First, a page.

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Dry Creek Trailhead
The City of Clovis constructed an extraordinary facility, Dry Creek Trailhead, on the southwest corner of Sunnyside and Shepherd Avenues, located in northern Clovis, in the State of California.
The purpose of the Dry Creek Trailhead is to serve the people as a multi-use bicycle/pedestrian trailhead and rest area. It was designed to provide access to the regional trail system and offer an opportunity to rest after using the trail. The facility is an extremely water efficient, low maintenance trailhead that serves four trails with an anticipated use by 2 million people annually. This site saves and replenishes groundwater, tells the agricultural and water history of the area, and will be the centerpiece of the trail system for years to come. This all happened thanks to the energy and drive of City staff and a supportive City Council serving their community.
The project area covers approximately 3 acres and includes: a parking lot, seating wall, landscape plantings, irrigation system, tables, benches, lights, pedestrian trail bridges, drinking fountains, bike racks, and restroom facilities. The Dry Creek Trailhead also includes concrete trail paths that lead to the adjacent Class I Dry Creek and Enterprise Canal Trail Systems. By its very nature (a facility that promotes pedestrian/bicycle use), the Dry Creek Trailhead is considered a functional component of the intermodal transportation system.
In 2006, the City applied for and was awarded $1,569,100 in competitive Federal Transportation Enhancement funds to develop the Trailhead Rest Area site. Prior to the start of this project however, Clovis experienced the “Great Recession” and was forced to cut staffing budgets, leading to a 15% reduction in personnel for the PDS Department and subsequently putting the project on hold. During this time, several other local communities were experiencing the same budget woes and were unable to utilize their awarded grant funding. In early 2012, an additional $677,900 became available that had been earmarked for another valley city. The city seized the opportunity to use this funding to acquire and construct the Dry Creek Trailhead. The only caveat to the additional funding was that the project would need to be under construction by the spring of 2014.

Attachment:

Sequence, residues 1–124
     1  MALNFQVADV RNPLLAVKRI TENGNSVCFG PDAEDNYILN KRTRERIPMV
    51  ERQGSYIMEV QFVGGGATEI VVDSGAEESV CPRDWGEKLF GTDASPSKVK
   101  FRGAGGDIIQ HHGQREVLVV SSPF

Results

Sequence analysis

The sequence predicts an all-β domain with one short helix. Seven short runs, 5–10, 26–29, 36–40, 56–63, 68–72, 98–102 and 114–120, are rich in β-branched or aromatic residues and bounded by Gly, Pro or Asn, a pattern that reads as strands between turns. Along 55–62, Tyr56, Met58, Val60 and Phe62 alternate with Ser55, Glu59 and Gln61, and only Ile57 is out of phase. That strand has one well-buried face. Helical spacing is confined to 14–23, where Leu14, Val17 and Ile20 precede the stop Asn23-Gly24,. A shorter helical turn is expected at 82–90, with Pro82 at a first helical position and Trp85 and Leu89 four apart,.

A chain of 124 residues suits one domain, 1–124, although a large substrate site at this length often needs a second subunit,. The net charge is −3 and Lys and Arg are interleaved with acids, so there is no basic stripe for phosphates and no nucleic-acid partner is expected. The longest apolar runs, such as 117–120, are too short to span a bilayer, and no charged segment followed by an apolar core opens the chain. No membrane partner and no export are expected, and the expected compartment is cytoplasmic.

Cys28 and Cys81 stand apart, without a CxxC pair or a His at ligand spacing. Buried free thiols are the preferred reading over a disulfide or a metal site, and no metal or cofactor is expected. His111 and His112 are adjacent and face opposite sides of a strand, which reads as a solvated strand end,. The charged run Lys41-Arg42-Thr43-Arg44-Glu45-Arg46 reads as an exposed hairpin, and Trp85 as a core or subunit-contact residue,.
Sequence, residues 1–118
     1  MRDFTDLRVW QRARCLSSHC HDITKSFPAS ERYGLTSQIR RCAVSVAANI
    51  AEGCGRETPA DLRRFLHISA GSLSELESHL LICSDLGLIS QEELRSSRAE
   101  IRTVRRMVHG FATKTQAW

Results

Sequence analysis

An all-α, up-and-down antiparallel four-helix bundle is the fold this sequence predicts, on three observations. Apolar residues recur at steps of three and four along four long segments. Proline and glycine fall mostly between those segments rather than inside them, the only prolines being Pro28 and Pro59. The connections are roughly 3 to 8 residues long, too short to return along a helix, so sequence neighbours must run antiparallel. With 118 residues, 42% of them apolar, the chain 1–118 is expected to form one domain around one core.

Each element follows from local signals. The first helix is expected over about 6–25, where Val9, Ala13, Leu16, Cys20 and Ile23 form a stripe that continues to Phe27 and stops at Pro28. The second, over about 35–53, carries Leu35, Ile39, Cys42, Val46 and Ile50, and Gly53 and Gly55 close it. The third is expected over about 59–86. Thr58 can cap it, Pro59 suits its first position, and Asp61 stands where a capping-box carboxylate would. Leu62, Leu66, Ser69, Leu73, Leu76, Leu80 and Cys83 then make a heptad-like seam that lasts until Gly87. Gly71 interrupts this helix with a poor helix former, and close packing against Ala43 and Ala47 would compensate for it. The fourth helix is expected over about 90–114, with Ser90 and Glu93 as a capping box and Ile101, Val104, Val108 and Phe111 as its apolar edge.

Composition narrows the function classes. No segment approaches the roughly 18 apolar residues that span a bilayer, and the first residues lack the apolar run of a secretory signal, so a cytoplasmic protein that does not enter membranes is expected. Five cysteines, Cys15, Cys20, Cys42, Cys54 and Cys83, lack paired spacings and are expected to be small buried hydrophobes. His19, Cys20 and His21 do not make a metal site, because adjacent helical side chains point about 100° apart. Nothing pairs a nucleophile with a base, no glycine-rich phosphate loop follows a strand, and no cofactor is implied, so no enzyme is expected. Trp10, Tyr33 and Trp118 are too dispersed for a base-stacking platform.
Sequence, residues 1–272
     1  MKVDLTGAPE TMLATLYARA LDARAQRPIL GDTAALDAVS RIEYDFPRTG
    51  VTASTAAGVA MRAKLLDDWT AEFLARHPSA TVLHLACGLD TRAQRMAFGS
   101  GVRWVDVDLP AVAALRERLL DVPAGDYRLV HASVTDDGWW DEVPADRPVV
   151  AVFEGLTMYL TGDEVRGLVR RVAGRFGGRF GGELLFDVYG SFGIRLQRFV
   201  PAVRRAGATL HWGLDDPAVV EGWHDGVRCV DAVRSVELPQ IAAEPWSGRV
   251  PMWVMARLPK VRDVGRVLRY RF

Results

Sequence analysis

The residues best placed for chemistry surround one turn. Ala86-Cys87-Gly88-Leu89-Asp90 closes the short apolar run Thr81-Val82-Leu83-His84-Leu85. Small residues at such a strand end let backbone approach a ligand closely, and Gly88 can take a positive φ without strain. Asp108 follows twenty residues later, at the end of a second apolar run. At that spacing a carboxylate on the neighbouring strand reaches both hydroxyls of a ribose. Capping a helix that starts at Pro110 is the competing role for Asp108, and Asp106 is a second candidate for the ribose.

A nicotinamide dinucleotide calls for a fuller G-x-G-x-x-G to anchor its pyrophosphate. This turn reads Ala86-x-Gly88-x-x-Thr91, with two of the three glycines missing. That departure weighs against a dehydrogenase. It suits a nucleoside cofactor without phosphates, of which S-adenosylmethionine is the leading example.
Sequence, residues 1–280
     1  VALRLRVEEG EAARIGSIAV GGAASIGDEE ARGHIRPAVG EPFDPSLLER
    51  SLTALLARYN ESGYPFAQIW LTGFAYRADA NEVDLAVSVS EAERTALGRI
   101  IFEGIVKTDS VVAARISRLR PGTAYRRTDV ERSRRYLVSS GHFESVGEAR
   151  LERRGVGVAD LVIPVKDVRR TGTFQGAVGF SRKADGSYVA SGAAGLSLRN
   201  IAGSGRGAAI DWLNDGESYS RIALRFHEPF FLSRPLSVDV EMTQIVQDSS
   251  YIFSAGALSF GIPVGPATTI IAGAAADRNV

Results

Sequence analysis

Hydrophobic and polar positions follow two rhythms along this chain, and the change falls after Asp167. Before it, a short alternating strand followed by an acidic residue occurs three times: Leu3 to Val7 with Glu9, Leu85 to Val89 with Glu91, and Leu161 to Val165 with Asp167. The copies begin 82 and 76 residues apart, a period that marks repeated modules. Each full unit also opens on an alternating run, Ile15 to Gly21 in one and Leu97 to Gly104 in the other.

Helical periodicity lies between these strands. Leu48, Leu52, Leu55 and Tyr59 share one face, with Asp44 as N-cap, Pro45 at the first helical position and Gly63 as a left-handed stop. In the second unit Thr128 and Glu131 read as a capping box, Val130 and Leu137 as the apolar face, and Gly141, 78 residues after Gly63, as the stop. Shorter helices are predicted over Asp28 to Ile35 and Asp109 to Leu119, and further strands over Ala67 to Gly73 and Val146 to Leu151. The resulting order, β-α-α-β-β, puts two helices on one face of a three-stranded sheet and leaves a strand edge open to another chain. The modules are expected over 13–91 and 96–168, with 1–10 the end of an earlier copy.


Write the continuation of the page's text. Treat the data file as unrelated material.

After much discussion as to whether there was adequate staffing to even handle the project, a decision was made not to pass up on this once-in-a-century funding opportunity and so staff charged ahead.
2015 Urban Forestry Award Winner
The Dry Creek Trailhead won the 2015 Urban Forestry Award from the California Urban Forests Council in the category of S.O.S. – Save our Shade. The award is given to an organization or community that demonstrates creative solutions toward caring for the urban tree canopy during California’s drought – preserving the many benefits & services delivered by the community’s trees.
2015 League of California Cities Award Winner
The Dry Creek Trailhead won the Planning and Environmental Quality Helen Putnam Award from the League of California Cities in September 2015. Read the about the trailhead.
2015 Transportation Project of the Year
On November 5, 2015 this project was awarded the Project of the Year by the American Public Works Association Central California Chapter.
2015 San Joaquin Valley Blueprint Award
Award of Excellence honoring Valley projects that reflect the “Blueprint” principles in the category of Transportation Enhancement Project. The award was presented at the 11th Annual San Joaquin Valley Fall Policy Conference on October 8, 2015.
2016 California Parks & Recreation Society Award
Award of Excellence winner on March 8, 2016, at the 68th Annual California Parks & Recreation Society Conference & Expo.
2016 Great Places in California Award
The California Chapter of the America Planning Association has recognized the Dry Creek Trailhead as the three Great Places in California for 2016. A Great Place in California is one that exemplifies character, quality, and excellent planning. The jury was highly impressed with the Trailhead as an exceptional community recreation area and gathering place that preserves the natural environment and encourages alternative transportation.